Ouagadougou - The Latest on the attack in Burkina Faso (all times local):
Turkey says a Turkish national was killed and another was wounded in the attack by suspected Islamic extremists at a Turkish restaurant in the capital of Burkina Faso.
Turkey's Foreign Ministry released a statement Monday condemning "in the strongest way" the attack on the upscale Aziz Istanbul restaurant which killed at least 18 people.
There was no immediate claim of responsibility for the violence, which continued into the early hours Monday.
The ministry statement said Turkey would maintain its support and solidarity with Burkina Faso, which it said had become the target of international terror over the past years.
Suspected Islamic extremists opened fire at a Turkish restaurant in the capital of Burkina Faso late Sunday, killing at least 18 people in the second such attack on a restaurant popular with foreigners in the last two years.
There was no immediate claim of responsibility for the violence, which continued into the early hours Monday. Gunfire could be heard almost seven hours after the attack began.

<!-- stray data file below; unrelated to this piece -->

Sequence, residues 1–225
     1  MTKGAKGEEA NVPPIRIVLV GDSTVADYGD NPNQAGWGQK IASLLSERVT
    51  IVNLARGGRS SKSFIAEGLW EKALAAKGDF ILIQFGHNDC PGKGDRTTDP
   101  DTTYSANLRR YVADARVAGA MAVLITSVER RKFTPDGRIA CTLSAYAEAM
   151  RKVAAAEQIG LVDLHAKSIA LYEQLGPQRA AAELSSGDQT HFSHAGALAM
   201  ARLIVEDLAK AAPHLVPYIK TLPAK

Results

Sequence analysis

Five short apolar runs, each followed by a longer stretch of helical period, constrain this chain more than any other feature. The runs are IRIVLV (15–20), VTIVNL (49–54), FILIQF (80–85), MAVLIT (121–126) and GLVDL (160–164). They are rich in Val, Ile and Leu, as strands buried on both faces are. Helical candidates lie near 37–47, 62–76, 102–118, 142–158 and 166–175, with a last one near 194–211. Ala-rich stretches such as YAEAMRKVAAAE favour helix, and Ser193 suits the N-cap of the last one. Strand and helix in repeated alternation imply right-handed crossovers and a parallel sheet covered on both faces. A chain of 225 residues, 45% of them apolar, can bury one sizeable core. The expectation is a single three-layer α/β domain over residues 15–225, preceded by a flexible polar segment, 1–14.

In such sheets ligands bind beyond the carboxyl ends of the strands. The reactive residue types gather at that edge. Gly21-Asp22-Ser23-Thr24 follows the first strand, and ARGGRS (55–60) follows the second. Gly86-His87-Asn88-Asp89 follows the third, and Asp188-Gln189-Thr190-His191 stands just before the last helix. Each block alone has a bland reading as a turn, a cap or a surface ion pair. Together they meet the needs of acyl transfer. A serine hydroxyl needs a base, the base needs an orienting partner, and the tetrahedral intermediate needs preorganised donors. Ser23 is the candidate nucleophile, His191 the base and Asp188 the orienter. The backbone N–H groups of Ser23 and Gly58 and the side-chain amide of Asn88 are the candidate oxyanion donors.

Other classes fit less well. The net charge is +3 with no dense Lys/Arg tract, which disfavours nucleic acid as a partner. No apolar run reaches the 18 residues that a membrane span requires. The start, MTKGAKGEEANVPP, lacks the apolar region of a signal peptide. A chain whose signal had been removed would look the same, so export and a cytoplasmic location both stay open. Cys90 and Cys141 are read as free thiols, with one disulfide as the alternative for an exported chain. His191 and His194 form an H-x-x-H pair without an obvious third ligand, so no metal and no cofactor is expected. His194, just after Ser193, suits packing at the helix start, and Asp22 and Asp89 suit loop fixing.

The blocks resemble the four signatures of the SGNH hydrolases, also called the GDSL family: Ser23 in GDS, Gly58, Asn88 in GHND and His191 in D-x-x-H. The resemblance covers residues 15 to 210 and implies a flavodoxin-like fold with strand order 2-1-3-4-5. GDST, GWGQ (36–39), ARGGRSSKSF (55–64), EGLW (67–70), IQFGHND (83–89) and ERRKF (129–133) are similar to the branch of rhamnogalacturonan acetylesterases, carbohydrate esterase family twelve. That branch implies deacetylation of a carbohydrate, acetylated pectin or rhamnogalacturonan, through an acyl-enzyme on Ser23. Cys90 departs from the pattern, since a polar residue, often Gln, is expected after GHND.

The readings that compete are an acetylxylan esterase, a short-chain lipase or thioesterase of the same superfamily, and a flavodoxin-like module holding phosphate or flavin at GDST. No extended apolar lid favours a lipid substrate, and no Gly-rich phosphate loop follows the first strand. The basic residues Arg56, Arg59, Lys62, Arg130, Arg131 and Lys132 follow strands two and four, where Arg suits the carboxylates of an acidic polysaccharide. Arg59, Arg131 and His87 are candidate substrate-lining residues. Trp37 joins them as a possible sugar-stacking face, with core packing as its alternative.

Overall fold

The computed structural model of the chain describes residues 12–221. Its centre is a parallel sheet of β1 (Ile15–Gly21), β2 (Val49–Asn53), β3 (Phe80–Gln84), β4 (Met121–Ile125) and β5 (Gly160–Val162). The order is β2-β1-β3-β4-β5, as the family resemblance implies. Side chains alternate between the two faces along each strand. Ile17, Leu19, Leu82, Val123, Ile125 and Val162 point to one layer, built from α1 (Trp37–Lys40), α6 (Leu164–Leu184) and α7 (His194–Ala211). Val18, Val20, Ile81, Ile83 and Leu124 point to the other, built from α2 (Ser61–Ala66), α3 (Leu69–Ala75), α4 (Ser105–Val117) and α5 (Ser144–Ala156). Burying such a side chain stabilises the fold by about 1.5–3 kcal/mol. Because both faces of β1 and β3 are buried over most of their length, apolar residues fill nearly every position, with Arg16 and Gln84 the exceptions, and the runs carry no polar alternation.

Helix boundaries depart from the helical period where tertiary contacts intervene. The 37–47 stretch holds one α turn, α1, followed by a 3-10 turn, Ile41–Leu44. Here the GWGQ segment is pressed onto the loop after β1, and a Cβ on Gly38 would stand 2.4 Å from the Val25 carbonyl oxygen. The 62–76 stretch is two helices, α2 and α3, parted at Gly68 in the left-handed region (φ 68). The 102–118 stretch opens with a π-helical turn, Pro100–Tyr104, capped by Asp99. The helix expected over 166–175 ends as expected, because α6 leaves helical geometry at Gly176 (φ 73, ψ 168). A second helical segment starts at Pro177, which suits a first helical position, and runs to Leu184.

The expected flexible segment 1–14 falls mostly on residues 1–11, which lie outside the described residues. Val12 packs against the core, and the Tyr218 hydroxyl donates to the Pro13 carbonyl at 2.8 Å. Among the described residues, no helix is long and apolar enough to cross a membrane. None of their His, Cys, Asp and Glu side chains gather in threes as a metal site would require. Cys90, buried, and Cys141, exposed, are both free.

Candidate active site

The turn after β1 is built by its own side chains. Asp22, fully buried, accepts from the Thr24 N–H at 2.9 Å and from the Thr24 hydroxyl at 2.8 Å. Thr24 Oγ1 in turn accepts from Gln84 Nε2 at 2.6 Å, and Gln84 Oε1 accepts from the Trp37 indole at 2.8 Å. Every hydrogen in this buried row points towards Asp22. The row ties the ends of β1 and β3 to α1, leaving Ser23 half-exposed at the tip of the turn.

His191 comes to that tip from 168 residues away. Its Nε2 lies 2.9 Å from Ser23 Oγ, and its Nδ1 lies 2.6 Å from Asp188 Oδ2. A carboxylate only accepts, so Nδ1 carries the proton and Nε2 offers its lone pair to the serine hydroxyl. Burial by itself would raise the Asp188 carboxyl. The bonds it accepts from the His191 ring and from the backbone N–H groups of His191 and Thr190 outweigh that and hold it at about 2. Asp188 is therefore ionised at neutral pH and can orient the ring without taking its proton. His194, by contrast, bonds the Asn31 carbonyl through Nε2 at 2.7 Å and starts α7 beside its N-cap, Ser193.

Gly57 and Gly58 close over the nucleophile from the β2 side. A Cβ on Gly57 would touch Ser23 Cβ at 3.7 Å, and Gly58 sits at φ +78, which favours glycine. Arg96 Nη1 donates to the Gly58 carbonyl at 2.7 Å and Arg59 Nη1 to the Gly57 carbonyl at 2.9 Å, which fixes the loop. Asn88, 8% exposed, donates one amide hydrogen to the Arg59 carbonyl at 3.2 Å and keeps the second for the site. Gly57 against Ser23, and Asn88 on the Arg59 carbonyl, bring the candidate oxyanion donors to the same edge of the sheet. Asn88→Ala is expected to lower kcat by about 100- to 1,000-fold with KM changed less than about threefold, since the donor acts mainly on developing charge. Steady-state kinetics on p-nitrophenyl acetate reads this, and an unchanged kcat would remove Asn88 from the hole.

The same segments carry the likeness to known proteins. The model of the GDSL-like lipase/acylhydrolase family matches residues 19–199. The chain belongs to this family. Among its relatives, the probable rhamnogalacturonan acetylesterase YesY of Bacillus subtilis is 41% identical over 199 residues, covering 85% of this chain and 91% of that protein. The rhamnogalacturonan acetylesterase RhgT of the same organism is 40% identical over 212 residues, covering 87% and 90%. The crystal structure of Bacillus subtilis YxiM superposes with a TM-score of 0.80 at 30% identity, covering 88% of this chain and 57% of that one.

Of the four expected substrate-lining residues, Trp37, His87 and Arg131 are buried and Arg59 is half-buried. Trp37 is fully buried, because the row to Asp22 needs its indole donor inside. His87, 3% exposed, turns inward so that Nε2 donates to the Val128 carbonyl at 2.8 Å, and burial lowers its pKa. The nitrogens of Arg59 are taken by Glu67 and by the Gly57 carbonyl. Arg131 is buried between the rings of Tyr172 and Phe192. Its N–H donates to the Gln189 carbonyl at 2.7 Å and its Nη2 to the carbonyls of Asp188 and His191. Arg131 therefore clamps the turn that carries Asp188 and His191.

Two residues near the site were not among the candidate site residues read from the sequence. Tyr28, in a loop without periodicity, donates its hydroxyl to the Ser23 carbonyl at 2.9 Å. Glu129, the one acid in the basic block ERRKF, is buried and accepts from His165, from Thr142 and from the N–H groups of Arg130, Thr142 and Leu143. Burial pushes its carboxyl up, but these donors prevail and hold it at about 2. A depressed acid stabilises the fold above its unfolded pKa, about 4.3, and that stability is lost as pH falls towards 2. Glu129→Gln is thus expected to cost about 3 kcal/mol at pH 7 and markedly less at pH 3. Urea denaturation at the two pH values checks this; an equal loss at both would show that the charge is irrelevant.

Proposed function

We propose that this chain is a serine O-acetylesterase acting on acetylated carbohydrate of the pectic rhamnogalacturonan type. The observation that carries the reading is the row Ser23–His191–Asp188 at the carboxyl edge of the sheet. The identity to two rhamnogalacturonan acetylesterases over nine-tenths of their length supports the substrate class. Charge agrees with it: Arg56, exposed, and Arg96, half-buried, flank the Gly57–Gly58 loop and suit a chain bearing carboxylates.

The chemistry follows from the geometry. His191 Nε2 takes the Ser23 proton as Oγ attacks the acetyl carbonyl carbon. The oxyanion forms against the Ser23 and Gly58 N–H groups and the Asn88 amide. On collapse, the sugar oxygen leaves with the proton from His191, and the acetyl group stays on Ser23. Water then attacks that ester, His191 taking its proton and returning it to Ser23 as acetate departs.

Communication Minister Remi Dandjinou told journalists that at least 18 people were dead and eight others wounded, according to a provisional toll. He said two of the attackers were also killed.
The victims came from several different nationalities, he said. At least one of the dead was French.
Security forces arrived at the scene with armored vehicles after reports of shots fired near Aziz Istanbul, an upscale restaurant in Ouagadougou. The attack brought back painful memories of the January 2016 attack at another cafe that left 30 people dead.
Police Capt. Guy Ye said three or four assailants had arrived at the Aziz Istanbul restaurant on motorcycles, and then began shooting randomly at the crowds dining Sunday evening.
Burkina Faso, a landlocked nation in West Africa, is one of the poorest countries in the world. It shares a northern border with Mali, which has long battled Islamic extremists.
The three attackers in the 2016 massacre were of foreign origin, according to al-Qaida in the Islamic Maghreb, which claimed responsibility in the aftermath along with the jihadist group known as Al Mourabitoun. But the terror threat in Burkina Faso is increasingly homegrown, experts say.
The northern border region is now the home of a local preacher, Ibrahim Malam Dicko, who radicalized and has claimed recent deadly attacks against troops and civilians. His association, Ansarul Islam, is now considered a terrorist group by Burkina Faso's government.